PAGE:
Think, then RT. (And rarely if ever rt yourself).

“RT” is short for “retweet,” which is basically just quoting someone else. It’s a great way of showing someone you approve of a comment they’ve made or to affirm them in general. As mentioned above, an rt (lowercase or upper both work) campaign with hashtags is very powerful.

However, RT etiquitte is difficult. Plenty of people are into RTs for their own sake, and try to get campaigns trending as a form of self-promotion. I don’t know about you, but this bugs the heck out of me. There are only a few things worse than repetititive and low quality content, which is basically another term, “Twitspam.”

And please, RT yourself sparingly, and only for something important. If you’re that clever, someone else will rt for you.

Automatic DMs equal automatic alienation.

Do you like form letters? Nobody else does either, and that’s exactly what an automatic direct message, or DM, is. If you don’t want to say something unique and personal to new people who follow you, don’t. You won’t offend them. But, you will offend them by sending the same obvious message as you send everyone else. And if it’s promoting your Web site, you won’t just offend them, you’ll make them mad. Trust me on this. Auto DMs are the ultimate failwhale.

Here’s some new info on how to opt-out of auto DMs.

Remember: DMs have a fuction, which is private messages to a close contact. They aren’t for rude remarks or spam. You also shouldn’t send one to someone you are not following, as they can’t sent one back.

Also, Some of us still have DMs set up as SMS text alerts on our phones, so spam is very, very bothersome.

What would you add? Any questions I or my community can answer in the comments? Clarifications of my points?

Also, who are the best guides for people new to Twitter or looking to expand their skills?


19 thoughts on “A Simple Guide to Twenglish (Twittish, Twitterese?)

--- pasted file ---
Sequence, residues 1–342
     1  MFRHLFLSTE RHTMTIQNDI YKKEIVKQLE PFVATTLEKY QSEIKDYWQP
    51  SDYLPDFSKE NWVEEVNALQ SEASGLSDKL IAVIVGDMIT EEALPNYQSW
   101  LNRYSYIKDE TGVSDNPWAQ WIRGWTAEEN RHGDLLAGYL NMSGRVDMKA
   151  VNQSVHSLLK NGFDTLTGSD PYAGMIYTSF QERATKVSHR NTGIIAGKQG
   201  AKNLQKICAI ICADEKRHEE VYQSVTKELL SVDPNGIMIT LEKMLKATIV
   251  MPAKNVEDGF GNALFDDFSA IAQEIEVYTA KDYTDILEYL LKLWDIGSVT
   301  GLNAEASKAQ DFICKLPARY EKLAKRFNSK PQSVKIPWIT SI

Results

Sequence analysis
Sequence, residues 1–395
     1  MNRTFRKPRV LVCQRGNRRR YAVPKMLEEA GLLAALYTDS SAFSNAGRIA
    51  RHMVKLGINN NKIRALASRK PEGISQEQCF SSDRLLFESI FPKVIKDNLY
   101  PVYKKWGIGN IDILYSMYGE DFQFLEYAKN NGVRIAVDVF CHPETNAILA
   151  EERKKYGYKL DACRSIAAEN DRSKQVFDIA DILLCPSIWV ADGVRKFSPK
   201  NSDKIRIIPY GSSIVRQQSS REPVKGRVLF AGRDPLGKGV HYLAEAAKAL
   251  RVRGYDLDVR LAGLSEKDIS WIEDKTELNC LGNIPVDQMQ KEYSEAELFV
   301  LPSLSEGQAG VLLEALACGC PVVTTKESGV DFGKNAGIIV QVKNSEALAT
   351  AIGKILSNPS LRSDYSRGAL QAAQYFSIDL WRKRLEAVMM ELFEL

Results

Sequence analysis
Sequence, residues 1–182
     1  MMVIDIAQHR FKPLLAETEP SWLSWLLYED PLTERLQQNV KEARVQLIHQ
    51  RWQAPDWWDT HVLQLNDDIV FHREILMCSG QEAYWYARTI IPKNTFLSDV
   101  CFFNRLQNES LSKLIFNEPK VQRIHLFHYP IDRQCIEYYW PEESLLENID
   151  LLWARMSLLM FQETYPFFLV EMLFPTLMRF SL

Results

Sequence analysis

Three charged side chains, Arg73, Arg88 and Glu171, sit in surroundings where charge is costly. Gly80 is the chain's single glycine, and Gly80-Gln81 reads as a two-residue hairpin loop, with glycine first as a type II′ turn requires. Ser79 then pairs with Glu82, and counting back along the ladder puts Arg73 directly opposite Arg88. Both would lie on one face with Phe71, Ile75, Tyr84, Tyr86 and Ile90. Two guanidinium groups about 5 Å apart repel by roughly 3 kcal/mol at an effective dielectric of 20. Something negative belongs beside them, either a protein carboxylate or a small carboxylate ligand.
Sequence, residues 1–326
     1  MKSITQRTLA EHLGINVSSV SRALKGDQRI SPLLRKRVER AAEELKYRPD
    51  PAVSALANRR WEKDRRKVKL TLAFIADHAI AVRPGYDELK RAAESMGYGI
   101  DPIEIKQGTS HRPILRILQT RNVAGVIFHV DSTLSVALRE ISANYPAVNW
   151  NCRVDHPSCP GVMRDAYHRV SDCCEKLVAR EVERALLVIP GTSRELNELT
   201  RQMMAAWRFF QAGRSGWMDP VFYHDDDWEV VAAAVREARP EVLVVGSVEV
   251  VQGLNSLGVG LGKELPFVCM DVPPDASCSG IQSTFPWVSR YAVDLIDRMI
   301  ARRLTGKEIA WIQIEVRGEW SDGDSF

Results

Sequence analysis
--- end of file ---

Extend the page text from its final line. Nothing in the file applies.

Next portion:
1. That’s clever #twit2fit plus handle…I need to experiment some more, play around with hashtags.

    On another note, I literally google text shorthand phrases at least once a session on twitter to figure out wtf the msg is.

  2. Thx so much for this! I’m still figuring out the entire hashtag ordeal…so I appreciate your help.
    The twitter world is definitely an entirely different arena as social networks are concerned. The key is knowing how things work & following the rules (twules?:))

  3. One more – “h/t,” which I use a lot, is short for “hat tip,” and is a gesture of acknowledgment to the source of an idea.

  4. Adriel
    I think I can now give Twitter a fair look — it just wasn’t working for me to Google every time I wanted to de-code. Thanks!


  5. In my first few weeks on Twitter, while I was becoming addicted to the new social culture, I coined “Twitter Jitters” – when I couldn’t sleep at night from thinking about Tweeting!

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  7. Thanks, Teri! “Spitter” is great (I’ve seen plenty of those!), and thanks for “FTW” as well – I’ve had a fair amount of questions on that one. Like “IRL” (in real life), that one is pretty standard Internet slang that has moved into the Twictionary.

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  12. I’m not sure that TwEnglish is the correct term for a guide on how to use and understand Twitter. In my mind “TwEnglish” represents a new form of the English language used to compress written communication of English speaking people into a smaller character space.